Credit card fraud has been on the rise in the United States over the years, prompting popular credit card companies to make drastic changes to their payment processing methods. Visa has joined with MasterCard and American Express to propose a new way to purchase goods online with credit cards. They call the new method tokens, which they predict will significantly reduce the number of fraud cases in the US.

HOW WILL TOKENS WORK?

Businessweek reports that the tokens “will be the digital equivalent of magnetic stripes on the back of plastic bank cards that contain customer information.” The three credit card companies released a joint statement expressing their desire to create a standard for secure online and mobile payment processing. This new standard will eliminate the need for consumers to save their credit card and bank account numbers in unsafe locations which will make it harder for hackers to commit credit card fraud.

 

Credit Card Fraud Extra Measures

Despite this recent announcement by the nation’s biggest credit card companies, the concern about credit card fraud is still widespread. The idea of digital tokens is a step forward in securing online payments, however, there are certain anti-fraud methods that American brands are not adopting. The biggest of these is EMV chip technology.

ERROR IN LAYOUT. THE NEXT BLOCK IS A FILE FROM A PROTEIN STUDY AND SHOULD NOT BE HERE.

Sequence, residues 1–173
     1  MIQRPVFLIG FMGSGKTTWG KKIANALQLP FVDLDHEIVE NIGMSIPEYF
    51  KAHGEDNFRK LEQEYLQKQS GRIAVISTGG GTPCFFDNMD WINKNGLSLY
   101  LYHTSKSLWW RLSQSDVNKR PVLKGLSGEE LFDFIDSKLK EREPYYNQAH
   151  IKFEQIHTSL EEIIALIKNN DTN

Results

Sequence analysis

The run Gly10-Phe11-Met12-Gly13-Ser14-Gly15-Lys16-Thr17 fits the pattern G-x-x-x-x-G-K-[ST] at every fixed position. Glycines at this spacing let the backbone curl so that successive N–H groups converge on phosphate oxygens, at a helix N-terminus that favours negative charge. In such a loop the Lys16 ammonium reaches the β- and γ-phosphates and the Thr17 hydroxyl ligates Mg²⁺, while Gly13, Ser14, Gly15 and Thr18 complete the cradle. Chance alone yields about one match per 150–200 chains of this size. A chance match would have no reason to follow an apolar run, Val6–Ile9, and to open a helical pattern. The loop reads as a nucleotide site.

Many European credit cards come equipped with a small, square computer chip visible on the face of the card. This EMV chip, crucial to impressive chip-and-pin security, makes it harder for hackers and thieves to access the card’s valuable information. This method has proved effective all over the world—except for the United States. The US remains among the last developed countries to not embrace chip-and-pin technology such as the EMV chip. In fact, many Americans have experienced trouble when trying to use their traditional magnetic strip credit cards overseas.

The Future of Credit Card Security

While credit card companies around the world are working actively to secure personal and financial information, consumers and merchants alike should remain cautious to prevent credit card fraud. The joint proposition by Visa, MasterCard, and American Express will still take a considerable amount of time to become a reality. Global losses due to credit card fraud totaled $11.3 billion last year, a 15% spike from the year before. Shoppers should continue to make sure their financial information is always safe and that they always purchase from secure sites. Also, merchants should insure that their website adheres to PCI DSS standards to protect from hackers.

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